3.3. Effects on cancer

Cancer occurs as cells grow and proliferative without control [74]. Cancer occurs, progresses, and spreads as a result of abnormal signals in the body due to genetic or epigenetic effects [75].Cancer is among the main causes of death in the world. On average, 16% of deaths occur each year due to cancer [76]. Lifestyle and many genetic and environmental factors can cause cancer. Smoking, consumed foods, solar radiation, and carcinogens in the environment are among these factors. The most important step in the treatment of cancer is the prevention of cancer. In particular, it is important to use health-related preventive practices in the communities and individuals at risk [75].

Consuming plant-based foods, especially increasing the consumption of vegetables, reduces the risk of cancer [74]. The antioxidants in vegetables help reduce the risk of cancer by preventing oxidative damage to the cells in the body [77]. Vegetables have protective effects against cancer due to the vitamins, minerals, pulp, and phytochemicals they contain [78]. About 14% of deaths worldwide due to inadequate vegetable consumption are caused by gastrointestinal cancers [79].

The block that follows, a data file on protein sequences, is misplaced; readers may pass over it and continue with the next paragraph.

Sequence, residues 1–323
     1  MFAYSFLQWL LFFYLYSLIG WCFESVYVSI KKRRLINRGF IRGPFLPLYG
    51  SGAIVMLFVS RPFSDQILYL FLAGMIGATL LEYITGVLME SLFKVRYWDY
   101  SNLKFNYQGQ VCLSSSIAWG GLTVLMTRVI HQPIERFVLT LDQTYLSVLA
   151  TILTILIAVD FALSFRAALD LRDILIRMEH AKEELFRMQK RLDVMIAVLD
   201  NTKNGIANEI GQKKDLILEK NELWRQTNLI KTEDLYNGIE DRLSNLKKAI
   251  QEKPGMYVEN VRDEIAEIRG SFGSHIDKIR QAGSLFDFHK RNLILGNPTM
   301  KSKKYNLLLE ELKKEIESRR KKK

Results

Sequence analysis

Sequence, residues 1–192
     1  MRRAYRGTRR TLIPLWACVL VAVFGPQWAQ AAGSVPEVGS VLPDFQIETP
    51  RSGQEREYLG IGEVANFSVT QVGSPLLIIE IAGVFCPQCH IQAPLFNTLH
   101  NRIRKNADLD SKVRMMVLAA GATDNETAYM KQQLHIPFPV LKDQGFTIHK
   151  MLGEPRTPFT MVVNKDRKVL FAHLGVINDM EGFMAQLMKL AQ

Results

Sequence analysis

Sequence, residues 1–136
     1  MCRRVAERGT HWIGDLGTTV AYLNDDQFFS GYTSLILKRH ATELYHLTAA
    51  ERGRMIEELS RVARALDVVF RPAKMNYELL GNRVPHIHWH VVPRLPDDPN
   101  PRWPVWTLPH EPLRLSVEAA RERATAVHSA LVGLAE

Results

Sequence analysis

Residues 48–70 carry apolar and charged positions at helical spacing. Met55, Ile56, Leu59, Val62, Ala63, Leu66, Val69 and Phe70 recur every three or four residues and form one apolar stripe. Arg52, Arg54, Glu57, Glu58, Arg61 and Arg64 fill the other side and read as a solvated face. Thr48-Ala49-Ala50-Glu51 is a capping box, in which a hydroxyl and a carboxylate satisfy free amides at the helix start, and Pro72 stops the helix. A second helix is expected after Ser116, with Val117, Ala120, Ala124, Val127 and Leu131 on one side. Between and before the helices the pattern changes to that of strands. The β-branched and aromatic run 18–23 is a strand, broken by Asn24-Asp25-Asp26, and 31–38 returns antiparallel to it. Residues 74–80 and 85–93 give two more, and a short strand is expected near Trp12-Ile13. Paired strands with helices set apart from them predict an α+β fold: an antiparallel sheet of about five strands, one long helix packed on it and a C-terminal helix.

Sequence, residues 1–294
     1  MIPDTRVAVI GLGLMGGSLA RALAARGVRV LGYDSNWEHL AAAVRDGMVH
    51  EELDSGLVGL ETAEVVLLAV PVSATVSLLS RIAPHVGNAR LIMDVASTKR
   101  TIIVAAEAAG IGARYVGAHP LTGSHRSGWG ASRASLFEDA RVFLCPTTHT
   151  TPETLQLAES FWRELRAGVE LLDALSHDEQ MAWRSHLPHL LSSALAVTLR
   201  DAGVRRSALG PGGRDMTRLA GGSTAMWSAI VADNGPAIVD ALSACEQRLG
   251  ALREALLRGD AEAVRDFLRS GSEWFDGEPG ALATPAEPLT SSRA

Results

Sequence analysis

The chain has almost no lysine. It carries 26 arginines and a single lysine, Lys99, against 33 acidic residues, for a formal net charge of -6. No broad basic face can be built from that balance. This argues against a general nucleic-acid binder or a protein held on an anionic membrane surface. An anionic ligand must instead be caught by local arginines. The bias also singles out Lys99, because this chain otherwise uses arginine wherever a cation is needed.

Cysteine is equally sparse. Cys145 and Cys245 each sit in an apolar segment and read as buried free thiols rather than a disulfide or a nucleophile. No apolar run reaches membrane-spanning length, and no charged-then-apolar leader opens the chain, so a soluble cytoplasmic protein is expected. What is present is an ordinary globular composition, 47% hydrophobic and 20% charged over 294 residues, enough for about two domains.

In a meta-analysis, the effects of vegetable consumption on cancer incidence were examined. Fruit and vegetable consumption were found to decrease cancer risk independently of each other and it was found that an extra portion of vegetables consumed daily resulted in a 3% reduction in cancer incidence [80].